Liberal Los Angeles could take right turn in mayor's race

Los Angeles is a heavily Democratic city, but voters this year could take a turn to the political right. A leading candidate for mayor is Rick Caruso, a billionaire former longtime Republican who sits on the Reagan Presidential Foundation board. He's promising to expand – not defund – police. He's in a tight race with Democratic U.S. Rep. Karen Bass, a favorite of the party's progressive wing. Twelve names are on the ballot for the June 7 primary, though several candidates have dropped out. Bass and Caruso, who is now a Democrat, could end up in a November runoff that would present a stark choice.

On remote US territories, abortion hurdles mount without Roe

Women from the remote U.S. territories of Guam and the Northern Mariana Islands will likely have to travel farther than other Americans to terminate a pregnancy if the Supreme Court overturns a precedent that established a national right to abortion in the United States. Hawaii is the closest U.S. state where abortion is legal under local law. It’s already difficult to get an abortion in Guam, a small, heavily Catholic U.S. territory south of Japan. The last physician who performed surgical abortions there retired in 2018. Two Guam-licensed physicians who live in Hawaii see patients virtually and mail them pills for a medication abortion.

Senators talk expanded gun background checks, red flag laws

A bipartisan group of senators is considering how Congress should respond to the horrific shooting of 19 children and two teachers in Uvalde, Texas. They are restarting gun control talks that have broken down many times before. The Democrats and Republicans say they hope to find consensus on legislation that could help reduce the number of mass shootings in the United States. Senators have narrowed the discussion to a few ideas, many of them based on legislation they have been working on for years, such as expanded background checks or red flag laws that keep guns away from people who could do harm.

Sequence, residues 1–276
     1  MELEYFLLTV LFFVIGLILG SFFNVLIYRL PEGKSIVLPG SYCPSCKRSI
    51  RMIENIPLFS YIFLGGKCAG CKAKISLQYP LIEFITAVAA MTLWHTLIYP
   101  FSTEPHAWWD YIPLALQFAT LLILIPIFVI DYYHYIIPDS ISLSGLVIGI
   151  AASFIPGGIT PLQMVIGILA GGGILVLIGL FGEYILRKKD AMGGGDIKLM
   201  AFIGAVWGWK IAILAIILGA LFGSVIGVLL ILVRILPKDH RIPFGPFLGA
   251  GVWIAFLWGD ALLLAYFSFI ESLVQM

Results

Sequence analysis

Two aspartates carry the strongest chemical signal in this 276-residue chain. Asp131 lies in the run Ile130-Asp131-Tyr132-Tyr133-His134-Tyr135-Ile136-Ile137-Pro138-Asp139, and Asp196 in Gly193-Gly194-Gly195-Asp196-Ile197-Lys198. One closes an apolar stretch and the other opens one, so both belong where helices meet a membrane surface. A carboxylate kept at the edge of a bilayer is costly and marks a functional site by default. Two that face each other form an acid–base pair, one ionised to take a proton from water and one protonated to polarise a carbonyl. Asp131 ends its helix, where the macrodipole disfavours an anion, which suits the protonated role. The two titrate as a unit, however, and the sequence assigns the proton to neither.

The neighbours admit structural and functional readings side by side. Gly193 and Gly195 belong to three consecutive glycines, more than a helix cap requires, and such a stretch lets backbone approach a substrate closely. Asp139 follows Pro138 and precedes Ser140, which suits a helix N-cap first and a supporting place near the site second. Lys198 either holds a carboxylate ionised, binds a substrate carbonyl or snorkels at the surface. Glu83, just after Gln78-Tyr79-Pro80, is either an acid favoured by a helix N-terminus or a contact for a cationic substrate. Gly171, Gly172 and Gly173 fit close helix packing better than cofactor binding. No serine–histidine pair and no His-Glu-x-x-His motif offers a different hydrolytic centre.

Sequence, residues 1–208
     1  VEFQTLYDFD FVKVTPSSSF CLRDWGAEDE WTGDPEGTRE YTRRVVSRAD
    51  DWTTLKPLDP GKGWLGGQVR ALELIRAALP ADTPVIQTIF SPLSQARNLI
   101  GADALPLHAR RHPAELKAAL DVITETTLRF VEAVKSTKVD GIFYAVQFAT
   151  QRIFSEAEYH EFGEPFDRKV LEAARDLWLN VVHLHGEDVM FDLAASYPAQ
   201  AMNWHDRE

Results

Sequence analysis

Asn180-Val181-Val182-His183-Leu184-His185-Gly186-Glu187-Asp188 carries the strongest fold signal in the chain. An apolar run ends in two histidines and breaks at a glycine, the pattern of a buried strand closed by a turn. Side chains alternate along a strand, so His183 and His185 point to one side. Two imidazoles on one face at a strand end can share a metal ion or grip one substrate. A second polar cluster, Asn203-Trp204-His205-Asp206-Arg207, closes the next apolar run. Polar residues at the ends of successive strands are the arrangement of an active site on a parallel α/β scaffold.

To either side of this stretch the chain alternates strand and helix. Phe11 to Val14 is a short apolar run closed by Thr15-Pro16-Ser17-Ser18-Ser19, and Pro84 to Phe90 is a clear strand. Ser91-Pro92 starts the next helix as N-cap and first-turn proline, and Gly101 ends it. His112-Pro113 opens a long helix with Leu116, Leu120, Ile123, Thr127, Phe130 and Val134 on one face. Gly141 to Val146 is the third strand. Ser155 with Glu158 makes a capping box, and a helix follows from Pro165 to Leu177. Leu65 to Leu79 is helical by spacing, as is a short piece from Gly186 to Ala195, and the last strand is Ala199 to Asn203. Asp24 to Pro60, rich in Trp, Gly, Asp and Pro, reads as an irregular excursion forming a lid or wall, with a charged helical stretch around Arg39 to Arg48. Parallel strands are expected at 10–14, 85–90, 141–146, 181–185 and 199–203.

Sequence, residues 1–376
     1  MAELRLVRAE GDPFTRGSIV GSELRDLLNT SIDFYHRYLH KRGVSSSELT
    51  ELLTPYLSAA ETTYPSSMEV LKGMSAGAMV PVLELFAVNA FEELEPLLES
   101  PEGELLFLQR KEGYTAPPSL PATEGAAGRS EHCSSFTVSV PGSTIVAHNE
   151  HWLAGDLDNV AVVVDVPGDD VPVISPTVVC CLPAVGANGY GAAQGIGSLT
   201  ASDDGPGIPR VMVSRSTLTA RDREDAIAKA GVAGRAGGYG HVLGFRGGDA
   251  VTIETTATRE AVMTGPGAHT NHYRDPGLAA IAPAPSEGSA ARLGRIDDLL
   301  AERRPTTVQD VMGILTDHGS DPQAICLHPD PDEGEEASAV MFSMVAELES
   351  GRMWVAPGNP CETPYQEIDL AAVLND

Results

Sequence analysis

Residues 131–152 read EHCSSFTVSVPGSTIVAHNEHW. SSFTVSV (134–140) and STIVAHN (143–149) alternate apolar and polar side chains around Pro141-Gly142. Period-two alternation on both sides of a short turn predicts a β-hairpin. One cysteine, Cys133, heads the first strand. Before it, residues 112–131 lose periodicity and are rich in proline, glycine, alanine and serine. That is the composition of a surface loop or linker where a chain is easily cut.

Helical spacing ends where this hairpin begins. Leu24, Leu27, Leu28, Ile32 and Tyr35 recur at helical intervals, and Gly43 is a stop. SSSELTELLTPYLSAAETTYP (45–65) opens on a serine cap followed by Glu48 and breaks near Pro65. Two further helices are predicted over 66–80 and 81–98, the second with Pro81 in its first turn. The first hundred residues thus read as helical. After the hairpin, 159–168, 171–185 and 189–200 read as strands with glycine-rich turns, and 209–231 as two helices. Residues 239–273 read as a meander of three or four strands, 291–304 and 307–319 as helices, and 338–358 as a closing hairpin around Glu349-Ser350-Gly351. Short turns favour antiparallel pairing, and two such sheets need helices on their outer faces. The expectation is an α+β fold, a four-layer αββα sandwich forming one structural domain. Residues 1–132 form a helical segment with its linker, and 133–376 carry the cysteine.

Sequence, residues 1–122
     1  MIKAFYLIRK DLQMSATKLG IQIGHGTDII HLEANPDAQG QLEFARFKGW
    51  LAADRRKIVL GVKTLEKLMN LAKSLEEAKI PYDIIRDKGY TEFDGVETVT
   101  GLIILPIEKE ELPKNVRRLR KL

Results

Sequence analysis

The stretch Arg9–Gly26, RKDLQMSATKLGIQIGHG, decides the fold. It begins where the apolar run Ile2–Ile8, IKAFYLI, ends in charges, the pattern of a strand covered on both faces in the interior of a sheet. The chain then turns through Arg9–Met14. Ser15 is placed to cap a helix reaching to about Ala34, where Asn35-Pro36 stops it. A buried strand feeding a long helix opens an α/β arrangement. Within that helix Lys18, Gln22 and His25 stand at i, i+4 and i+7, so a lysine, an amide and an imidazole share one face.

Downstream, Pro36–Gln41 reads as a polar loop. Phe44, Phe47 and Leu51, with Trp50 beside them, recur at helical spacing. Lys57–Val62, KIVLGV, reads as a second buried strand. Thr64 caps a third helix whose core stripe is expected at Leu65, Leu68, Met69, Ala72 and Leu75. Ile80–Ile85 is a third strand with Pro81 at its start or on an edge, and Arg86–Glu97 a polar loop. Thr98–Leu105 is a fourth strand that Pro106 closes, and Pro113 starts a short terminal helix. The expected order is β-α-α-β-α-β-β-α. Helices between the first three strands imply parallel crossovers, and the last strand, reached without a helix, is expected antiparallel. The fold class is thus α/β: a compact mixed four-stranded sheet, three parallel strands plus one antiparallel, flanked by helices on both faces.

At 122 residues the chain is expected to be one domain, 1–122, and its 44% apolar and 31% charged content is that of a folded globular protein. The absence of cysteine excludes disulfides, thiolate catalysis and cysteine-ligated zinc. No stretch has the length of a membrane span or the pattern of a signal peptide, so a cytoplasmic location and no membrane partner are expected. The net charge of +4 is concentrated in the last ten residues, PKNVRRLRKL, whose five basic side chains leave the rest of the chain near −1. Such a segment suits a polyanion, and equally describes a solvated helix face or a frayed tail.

Baby formula shortage highlights racial disparities

A massive safety recall and supply disruptions have swept many leading formula brands off store shelves. Many parents are having problems finding formula, but some experts point out systemic inequities contribute to lower rates of breastfeeding among Black and Hispanic women, making their babies more dependent on formula. The majority of formula in the U.S. is bought by low-income families. The Centers for Disease Control and Prevention estimates that 20% of Black women and 23% of Hispanic women exclusively breastfeed through six months compared to 29% of white women. The overall rate stands at 26%.

Senate GOP blocks domestic terrorism bill, gun policy debate

A bipartisan group of senators is trying to find a compromise on gun legislation. That's after Democrats’ first attempt at responding to the back-to-back mass shootings in Buffalo and Uvalde, Texas, failed Thursday in the Senate. Republicans blocked debate on a domestic terrorism bill that would have opened debate on hate crimes and gun policy. Senate Majority Leader Chuck Schumer says he will give negotiations about two weeks while Congress is in recess. The bipartisan group of senators met after the vote and focused on background checks for guns purchased online or at gun shows, red-flag laws designed to keep guns away from those who could harm themselves or others and school security measures.

Ex-rebel frontrunner in Colombian vote, could shake US ties

Colombians will pick from six candidates in a presidential ballot being held Sunday amid a generalized feeling the country is heading in the wrong direction. The latest opinion polls suggest that front-running leftist Gustavo Petro could get 40% of the votes, with a 15-point lead over his closest rival. But the senator needs 50% to avoid a run-off election in June against the second place finisher. His main rival through most of the campaign has been Federico Gutierrez, a former mayor of Medellin who is backed by most of Colombia’s traditional parties and is running on a pro-business, economic growth platform.

China and Russia veto new UN sanctions on North Korea

China and Russia have vetoed a U.N. resolution sponsored by the United States that would have imposed tough new sanctions on North Korea for its spate of intercontinental ballistic missile launches that can be used to deliver nuclear weapons. The vote in the 15-member Security Council on Thursday was 13-2 and marked a first serious division among the five veto-wielding permanent members of the U.N.’s most powerful body on a North Korea sanctions resolution. U.S. Ambassador Linda Thomas-Greenfield appealed for unity before the vote, calling North Korea’s six ICBM tests this year “a threat to the entire international community.”

Live updates | Mayor: Some 1,500 killed in Sievierodonetsk

The mayor of Sievierodonetsk says the Ukrainian city is holding out, although a Russian reconnaissance and sabotage group went into a city hotel. Sievierodonetsk is the center of fierce fighting in the east. Mayor Oleksandr Stryuk says at least 1,500 people have been killed in Sievierodonetsk and about 12,000 to 13,000 remain in the city, where he says 60% of residential buildings have been destroyed. Sievierodonetsk is the only part of the Luhansk region in the Donbas under Ukrainian government control. Russian forces have been trying to cut it off from the rest of Ukrainian-controlled territory. Stryuk says the main road between the neighboring town of Lysychansk and Bakhmut to the southwest remains open, but travel is dangerous.